My Moment Of Truth

By Caroline V. Clarke, Wynton Marsalis by Sonja D. Brown

Callaway Golf company. The NFL job came along at a time when he was needing a change. “I wanted to do something I was passionate about,” says Haynes, now 49. “This is it. I see myself as a change agent. I have a great opportunity to make some positive changes in people’s lives. A lot of guys go to college just to get to the pros or to play college sports. If we could get those guys to value education, they could have a different life. There’s a perception that athletes make so much money, they don’t need to finish their degree. I played for a long time, I made more money than the average person ever will, and I know how wrong that perception is.”

PAMELA NEFERKARA
THE DAY I DOWNSIZED MYSELF
Pamela Neferkara U.S. Retail Presentation Director, Nike Inc.
In 1997, Pamela Neferkara was the quintessential high achieving corporate professional, making good on all of the promise highlighted ten years earlier when she was featured as one of “Ten Young Achievers” in Ebony magazine. As a category director of personal care products for Bristol-Myers Squibb Products in New York City, Neferkara managed the day-to-day operations of a $170 million brand portfolio. She led a marketing group of six and a cross-functional senior management team of 25. The next logical step for the alumnus of Old Dominion University in Norfolk, Virginia, and of Syracuse University in upstate New York, was vice president and she knew it. She’d been working toward it for a decade. Then something changed. In fact, in rapid succession, several things changed.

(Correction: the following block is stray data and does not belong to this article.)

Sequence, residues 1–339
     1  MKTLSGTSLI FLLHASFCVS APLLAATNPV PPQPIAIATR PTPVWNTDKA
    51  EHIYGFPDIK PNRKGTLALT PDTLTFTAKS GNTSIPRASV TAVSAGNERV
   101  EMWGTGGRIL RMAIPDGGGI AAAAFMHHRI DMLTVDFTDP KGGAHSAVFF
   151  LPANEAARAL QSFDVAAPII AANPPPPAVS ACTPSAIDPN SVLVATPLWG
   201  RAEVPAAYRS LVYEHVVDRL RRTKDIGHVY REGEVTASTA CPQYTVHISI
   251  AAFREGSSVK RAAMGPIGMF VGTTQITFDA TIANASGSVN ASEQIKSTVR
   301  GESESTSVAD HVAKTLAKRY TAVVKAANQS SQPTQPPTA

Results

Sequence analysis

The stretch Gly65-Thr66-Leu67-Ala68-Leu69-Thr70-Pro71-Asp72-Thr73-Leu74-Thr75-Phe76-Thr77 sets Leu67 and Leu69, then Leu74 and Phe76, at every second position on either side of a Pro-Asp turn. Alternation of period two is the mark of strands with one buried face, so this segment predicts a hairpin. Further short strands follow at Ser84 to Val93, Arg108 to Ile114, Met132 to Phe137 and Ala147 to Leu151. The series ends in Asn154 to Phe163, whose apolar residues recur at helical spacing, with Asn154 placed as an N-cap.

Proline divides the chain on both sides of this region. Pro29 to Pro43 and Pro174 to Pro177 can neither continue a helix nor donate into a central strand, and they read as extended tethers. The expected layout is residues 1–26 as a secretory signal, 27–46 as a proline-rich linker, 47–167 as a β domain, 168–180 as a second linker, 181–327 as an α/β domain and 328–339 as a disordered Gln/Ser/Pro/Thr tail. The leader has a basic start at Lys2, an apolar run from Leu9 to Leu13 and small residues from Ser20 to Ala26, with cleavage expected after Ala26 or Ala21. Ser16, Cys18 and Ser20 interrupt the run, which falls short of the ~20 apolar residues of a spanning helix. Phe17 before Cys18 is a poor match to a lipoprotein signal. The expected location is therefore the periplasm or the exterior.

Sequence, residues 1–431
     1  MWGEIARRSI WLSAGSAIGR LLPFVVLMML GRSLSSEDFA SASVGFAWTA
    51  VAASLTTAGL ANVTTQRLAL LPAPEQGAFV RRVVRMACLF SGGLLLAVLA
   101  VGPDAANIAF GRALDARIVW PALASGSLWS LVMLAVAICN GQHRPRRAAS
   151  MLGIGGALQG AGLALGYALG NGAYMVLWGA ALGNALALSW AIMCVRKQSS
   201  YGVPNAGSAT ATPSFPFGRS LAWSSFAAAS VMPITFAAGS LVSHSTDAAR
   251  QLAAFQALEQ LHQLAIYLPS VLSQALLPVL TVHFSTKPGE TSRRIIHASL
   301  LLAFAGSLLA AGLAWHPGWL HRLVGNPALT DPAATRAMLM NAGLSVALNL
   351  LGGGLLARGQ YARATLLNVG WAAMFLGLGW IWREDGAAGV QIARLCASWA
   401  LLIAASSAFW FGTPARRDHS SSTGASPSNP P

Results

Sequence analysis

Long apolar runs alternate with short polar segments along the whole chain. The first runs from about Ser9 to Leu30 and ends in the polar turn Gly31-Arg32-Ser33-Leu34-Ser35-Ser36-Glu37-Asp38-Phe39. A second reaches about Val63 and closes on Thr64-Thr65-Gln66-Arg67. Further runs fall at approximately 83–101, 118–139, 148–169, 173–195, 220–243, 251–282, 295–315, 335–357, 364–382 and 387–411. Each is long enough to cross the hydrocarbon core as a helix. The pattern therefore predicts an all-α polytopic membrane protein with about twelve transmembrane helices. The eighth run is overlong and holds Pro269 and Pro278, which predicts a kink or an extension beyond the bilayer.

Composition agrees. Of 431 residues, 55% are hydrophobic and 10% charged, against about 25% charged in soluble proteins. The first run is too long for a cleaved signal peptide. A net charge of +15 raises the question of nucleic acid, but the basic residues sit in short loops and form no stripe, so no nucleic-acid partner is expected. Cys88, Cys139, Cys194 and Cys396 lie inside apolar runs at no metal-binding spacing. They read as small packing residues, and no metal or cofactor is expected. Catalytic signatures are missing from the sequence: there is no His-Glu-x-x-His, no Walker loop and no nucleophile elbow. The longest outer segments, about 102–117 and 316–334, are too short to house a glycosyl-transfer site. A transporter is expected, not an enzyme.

“The decision was made to divest one of the brands I was responsible for, and my boss asked me to think about how I would reorganize the marketing group,” says Neferkara. “Everything came together in that moment. I thought about it and recommended that they eliminate my position. Why? It was the right thing to do. If anyone else had looked at it, they would have come to the same conclusion. I probably would not have seen the possibility of my l
eaving had I not been, in the back of my mind, thinking I needed a change. As category director, I had a lot more exposure to VPs and upper management than I had [earlier at Nike. Becoming a VP] was the next step for me and, from a skill set and capability standpoint, there’s no question I could have done it, but I started to question whether that was the lifestyle I really wanted.” She realized that the answer was no.

Neferkara was asked to stay and manage the divestiture program, and was given a lucrative severance package that enabled her to take a year off from working. “That year was a critical one in my life,” she says. “That year gave me perspective. I was so focused on my corporate life that I didn’t really understand the rest of my life. People talk about work/life balance and I really had very little sense of what any of

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